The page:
5. Mosquitoes? 
Yes, except for the coldest few weeks of winter in January when it gets below 10 degrees C and they vanish. They're mostly not a big deal, although when the weather is warm they can be a hindrance. There are tall tubular mossie nets in the meditation hall, so you're safe there, and you can take one and set it up in your room too if you like to sit in there. Plus there are nets over the beds. If you spray on some repellent for walking, then you should be ok. Don't worry about malaria and all that - it's not one of those areas. Personally, I just treat them as another object to note. Hearing hearing, raising (hand), waving waving, etc ;-)

6. How is Vivekananda? 
This might be partly answered by reading Daniel Ingram's writings in MCTB on models of enlightenment. What exactly do you expect an accomplished meditator to be like? Considering the vast range of people and behaviours out there among advanced folks, I think it's hard to judge him by any such measures. Having said all that, I've spent a lot of time with him and have a deep admiration for his teachings, his way of life, and his personality. The only question is, how much of that is due solely to his years of practice? No comment. Personally I think it's only important to know he's a highly regarded teacher who has helped a lot of people make a lot of progress. If he also happens to walk a foot above the ground or, conversely, he swears like a trooper, then does it really matter? ;-)

7. Lumbini vs Burma?
I can't comment, but one thing is the famous 60-day retreat in Burma is run on the same fixed dates every year, whereas in Lumbini, you can book in when you want to. Plus, you need a special visa for meditation in Burma, whereas in Nepal a simple tourist visa on arrival at the airport/border is enough. But both places are highly regarded.

8. The extra question re pollution.
If you have respiratory issues such as asthma or severe hay fever, I'd advise against going there at all. The air quality fluctuates, but it's often bad, especially in winter when the air is trapped close to ground level and doesn't travel far. I noticed many people go through a few days of hard coughing at the start of a retreat, then get used to it. I don't know about meditating with a mask on, but that might help. I'd think about wearing one while walking outside on smoggy days. But I've also lived in Chinese cities that got severely bad press about pollution, and yet I'd often post online pics of crystal clear blue skies to show people the reality! So even the most polluted places have good days, and therefore a certain amount of luck is part of the equation. That's a way of saying, unless it's a big issue for you, don't let it stop you. Besides, the Sayadaw is working hard with international bodies and scientists to persuade the government to re-zone the industries away from there, which may eventually begin to happen.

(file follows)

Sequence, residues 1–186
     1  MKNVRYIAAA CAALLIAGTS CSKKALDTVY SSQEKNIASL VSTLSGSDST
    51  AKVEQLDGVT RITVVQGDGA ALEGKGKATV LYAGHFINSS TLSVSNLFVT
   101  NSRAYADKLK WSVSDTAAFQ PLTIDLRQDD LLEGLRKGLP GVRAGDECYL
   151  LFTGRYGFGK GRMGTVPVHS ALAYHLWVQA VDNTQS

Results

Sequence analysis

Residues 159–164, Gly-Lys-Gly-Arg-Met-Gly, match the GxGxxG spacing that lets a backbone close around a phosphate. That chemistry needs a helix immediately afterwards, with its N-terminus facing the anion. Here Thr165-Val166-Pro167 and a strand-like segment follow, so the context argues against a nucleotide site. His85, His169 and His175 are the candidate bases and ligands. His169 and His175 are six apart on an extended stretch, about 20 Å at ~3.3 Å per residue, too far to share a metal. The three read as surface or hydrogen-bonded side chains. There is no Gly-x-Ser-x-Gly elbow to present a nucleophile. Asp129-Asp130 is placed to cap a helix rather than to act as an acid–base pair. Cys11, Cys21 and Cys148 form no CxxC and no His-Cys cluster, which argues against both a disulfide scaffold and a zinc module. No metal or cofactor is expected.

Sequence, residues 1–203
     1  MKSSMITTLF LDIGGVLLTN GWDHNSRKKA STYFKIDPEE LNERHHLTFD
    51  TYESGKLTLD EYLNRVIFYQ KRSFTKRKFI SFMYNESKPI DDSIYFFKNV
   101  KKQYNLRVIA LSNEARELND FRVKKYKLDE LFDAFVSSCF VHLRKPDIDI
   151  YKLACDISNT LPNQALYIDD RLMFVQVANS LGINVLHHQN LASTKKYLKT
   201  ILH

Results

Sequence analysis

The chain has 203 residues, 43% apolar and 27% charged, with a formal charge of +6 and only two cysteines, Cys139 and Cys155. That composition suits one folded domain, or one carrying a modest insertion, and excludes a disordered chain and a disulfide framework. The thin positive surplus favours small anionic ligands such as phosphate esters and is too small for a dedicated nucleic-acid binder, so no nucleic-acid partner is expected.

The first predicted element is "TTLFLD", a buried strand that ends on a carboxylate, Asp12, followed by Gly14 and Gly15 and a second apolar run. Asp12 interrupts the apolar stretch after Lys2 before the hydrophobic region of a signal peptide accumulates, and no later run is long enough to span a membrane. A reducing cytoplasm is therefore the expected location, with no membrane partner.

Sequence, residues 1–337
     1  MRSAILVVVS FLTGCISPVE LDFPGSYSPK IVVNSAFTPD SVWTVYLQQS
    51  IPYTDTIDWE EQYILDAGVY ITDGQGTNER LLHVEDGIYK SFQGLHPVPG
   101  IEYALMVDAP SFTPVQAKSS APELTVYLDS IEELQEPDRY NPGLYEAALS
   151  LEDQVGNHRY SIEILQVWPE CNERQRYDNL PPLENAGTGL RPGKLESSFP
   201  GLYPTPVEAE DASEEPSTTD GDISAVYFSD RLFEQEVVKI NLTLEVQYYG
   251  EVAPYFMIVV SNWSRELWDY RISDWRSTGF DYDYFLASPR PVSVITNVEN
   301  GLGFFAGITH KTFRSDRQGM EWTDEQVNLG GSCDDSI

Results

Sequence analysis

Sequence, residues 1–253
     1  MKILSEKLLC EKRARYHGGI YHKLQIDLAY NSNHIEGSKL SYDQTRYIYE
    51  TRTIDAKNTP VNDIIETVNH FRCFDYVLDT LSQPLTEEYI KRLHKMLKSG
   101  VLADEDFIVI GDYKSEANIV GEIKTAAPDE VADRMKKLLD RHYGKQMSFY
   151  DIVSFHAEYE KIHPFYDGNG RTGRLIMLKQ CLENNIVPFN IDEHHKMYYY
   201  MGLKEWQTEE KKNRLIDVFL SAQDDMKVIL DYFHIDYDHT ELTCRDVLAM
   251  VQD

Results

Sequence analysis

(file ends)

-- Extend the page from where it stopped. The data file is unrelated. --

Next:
As for Yadid's comments about the nun, whom we call Sayalay, I've also heard of (and overheard) yogis getting a hard time from her. But my experience (and what I've overheard at times) is that she is immensely compassionate, and so she tempers her responses to a yogi based on what she thinks will get the most helpful reaction - so she may be harsh when she feels that's called for, or gentle and caring when that's called for. That's only my opinion, and others may believe she's unnecessarily hard on them. I've personally benefitted a lot from interactions with her. 

I hope some of that info helps, and apologies to Yadid for jumping in on the questions directed to you. I'd be interested to read your responses if they differ from mine. All the best, everyone!

Peter

RE: Panditarama, Lumbini -long retreat suggestions.
Answer
8/18/17 5:04 AM as a reply to Jinxed P.
Jinxed P:
Yadid dee:
I sat two long retreats in Lumbini:
2 months from Feb to April
3 months from Oct to Jan.

Best tips I can give you:

1. Practice very well, but also notice the tendency to try and be a super-yogi and judge yourself for every single lapse in mindfulness.

2. Follow the teachers instructions. Vivekananda asks very specific questions and these help you fine-tune and improve your practice. Keep these with you and follow back with whatever answers you came up to his questions to investigate in your experience.

3. Don't use any map terminology at all. It will piss off the teachers unless they first see that you are practicing very well and reporting the phenomenology that you should be. I saw a guy who was talking constantly about stages (he read Dan's book) to the point where it was very clear his experience was lagging way behind all of the mental masturbation. This may be going on to varying degress but try not to do that, whatever you're currently experiencing is way more important than map theory (or noticing any thoughts about map theory ;-)